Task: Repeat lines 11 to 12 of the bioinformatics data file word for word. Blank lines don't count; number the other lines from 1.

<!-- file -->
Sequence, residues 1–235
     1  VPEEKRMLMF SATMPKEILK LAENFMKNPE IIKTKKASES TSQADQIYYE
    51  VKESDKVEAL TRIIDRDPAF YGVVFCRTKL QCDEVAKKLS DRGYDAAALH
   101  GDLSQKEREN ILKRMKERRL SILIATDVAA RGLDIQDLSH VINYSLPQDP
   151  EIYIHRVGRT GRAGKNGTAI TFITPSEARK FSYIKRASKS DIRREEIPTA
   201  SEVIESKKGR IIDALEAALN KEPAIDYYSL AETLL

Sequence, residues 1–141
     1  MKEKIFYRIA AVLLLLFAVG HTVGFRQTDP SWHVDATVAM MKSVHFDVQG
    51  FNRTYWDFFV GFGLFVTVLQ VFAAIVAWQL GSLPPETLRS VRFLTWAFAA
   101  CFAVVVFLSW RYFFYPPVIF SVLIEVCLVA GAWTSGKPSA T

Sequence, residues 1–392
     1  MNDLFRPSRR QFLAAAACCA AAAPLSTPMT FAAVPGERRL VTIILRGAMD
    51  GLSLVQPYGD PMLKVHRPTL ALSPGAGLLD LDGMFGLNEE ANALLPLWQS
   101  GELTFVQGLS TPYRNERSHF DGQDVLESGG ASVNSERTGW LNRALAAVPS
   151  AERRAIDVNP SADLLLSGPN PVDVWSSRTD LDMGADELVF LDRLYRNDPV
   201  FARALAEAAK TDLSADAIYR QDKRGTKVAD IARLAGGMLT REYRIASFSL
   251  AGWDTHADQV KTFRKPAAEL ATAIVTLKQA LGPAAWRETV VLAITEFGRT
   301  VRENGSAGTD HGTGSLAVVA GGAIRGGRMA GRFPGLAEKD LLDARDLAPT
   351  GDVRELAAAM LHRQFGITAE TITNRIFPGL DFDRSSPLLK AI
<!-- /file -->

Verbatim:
Sequence, residues 1–392
     1  MNDLFRPSRR QFLAAAACCA AAAPLSTPMT FAAVPGERRL VTIILRGAMD